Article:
Second law of thermodynamics: The total entropy of the universe (the system and surroundings) is continually increasing. In any product-favored system, the entropy of the universe is greater after a reaction than it was before.

Semiconductor: Material with a narrow energy gap between the valence band and the conduction band; a conductor when an electric field or a higher temperature is applied.

Semipermeable membrane: A thin layer of material through which only certain kinds of molecules can pass.

Shifting an equilibrium: Changing the conditions of an equilibrium system so that the system is no longer at equilibrium and there is a net reaction in either the forward or reverse direction until equilibrium is reestablished.

Sigma (o) bond: A bond formed by head-to-head orbital overlap along the bond axis.

Single covalent bond: A bond formed by sharing one pair of electrons between the same two atoms.

Solid: A state of matter in which a substance has a definite shape and volume.

Solubility: The maximum amount of solute that will dissolve in a given volume of solvent at a given temperature when pure solute is in equilibrium with the solution.

Solubility product constant: An equilibrium constant that is the product of concentrations of ions in a solution in equilibrium with a solid ionic compound.

Solubility product expression: Molar concentrations of a cation and anion, each raised to a power equal to its coefficient in the balanced chemical equation for the solubility equilibrium.

Solute: The material dissolved in a solution.

Solution: A homogeneous mixture of two or more substances in a single phase.

Solvent: The medium in which a solute is dissolved to form a solution.

sp hybrid orbitals: Orbitals of the same atom formed by the combination of one s orbital and one p orbital.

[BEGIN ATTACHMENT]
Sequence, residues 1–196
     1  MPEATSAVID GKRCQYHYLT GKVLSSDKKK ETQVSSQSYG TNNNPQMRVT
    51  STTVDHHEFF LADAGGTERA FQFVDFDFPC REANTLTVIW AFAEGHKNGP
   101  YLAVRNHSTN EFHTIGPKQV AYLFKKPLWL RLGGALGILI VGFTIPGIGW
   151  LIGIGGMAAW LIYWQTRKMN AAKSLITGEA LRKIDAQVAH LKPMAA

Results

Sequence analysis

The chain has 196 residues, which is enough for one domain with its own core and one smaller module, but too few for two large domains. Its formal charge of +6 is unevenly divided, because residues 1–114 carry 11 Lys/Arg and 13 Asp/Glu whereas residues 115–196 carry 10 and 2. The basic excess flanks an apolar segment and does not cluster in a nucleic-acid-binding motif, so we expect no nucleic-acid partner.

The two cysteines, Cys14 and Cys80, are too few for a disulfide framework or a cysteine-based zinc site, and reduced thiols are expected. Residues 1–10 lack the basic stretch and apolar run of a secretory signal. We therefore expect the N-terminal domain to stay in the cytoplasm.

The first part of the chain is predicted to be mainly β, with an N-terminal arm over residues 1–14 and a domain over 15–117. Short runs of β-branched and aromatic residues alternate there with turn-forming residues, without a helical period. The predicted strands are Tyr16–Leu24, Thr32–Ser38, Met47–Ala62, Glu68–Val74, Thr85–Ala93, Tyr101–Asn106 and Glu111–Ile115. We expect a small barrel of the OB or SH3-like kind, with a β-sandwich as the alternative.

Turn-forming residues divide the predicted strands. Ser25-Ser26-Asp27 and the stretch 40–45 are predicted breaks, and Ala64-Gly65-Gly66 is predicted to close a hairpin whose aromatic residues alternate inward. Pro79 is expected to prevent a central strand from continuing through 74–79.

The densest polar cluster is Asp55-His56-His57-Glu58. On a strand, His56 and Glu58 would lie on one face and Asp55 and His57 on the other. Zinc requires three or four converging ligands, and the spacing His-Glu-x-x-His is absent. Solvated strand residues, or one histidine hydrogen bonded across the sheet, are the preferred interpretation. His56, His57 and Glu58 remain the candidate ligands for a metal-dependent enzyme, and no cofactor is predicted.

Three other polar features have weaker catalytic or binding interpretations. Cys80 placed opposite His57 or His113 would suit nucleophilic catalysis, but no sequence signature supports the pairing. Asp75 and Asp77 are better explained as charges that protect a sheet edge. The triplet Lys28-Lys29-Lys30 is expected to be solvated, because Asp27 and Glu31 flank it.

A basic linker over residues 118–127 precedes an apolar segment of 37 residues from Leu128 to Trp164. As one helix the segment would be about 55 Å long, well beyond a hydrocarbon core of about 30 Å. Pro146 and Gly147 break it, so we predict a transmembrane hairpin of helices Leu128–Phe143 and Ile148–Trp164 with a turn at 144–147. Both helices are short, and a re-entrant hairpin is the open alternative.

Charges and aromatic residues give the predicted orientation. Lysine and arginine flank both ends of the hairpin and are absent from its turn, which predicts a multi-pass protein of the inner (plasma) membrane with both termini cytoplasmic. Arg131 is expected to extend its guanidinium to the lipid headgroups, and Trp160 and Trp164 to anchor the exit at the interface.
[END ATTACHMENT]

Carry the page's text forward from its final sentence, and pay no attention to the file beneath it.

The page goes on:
Specific heat capacity: The quantity of energy that must be transferred to 1 g of a substance to increase its temperature by 1 degree C.

Spectator ion: An ion that is present in a solution in which a reaction takes place, but is not involved in the net process.

Spectrochemical series: A list of ligands in the order of their crystal-field splitting energy.

Spectrum: A plot of the intensity of light ( photons per unit of time) as a function of the wavelegnths or frequency of light.

Standard atmosphere (atm): A unit of pressure; 1atm equals 760mm Hg exactly.

Standard enthalpy change: The enthalpy change when a process occurs with reactants and products all in their standard states.

Standard equilibrium constant: An equilibrium constant in which each concentration (or pressure) is divided by the standad-state concentration (or pressure); if concentrations are expressed in moles per liter (or pressures in bars) then the concentration (or pressure) equillibrium constant equals the standard equilibrium constant .

Standard hydrogen electrode: The electrode against which standard reduction potentials are measured, consisting of a platinum electrode at which 1 M hydronium ion is reduced to hydrogen gas at 1 bar.

Standard molar enthalpy of formation: The standard enthalpy change for forming 1 mol of a compound from its elements, with all the substances in their standard states.

Standard molar volume : The volume occupied by exactly 1 mol of an ideal gas at standard temperature (o degrees celsius) and pressure (1atm), equal to 22.414 L.

Standard reduction potential: The potential of an electrochemical cell when a given electrode is paired with a standard hydrogen electrode under standard conditons.

Standard state: The most stable form of a substance in the physical state in which it exists at 1 bar and a specified temperature.

Standard solution: A solution whose concentration is known accurately.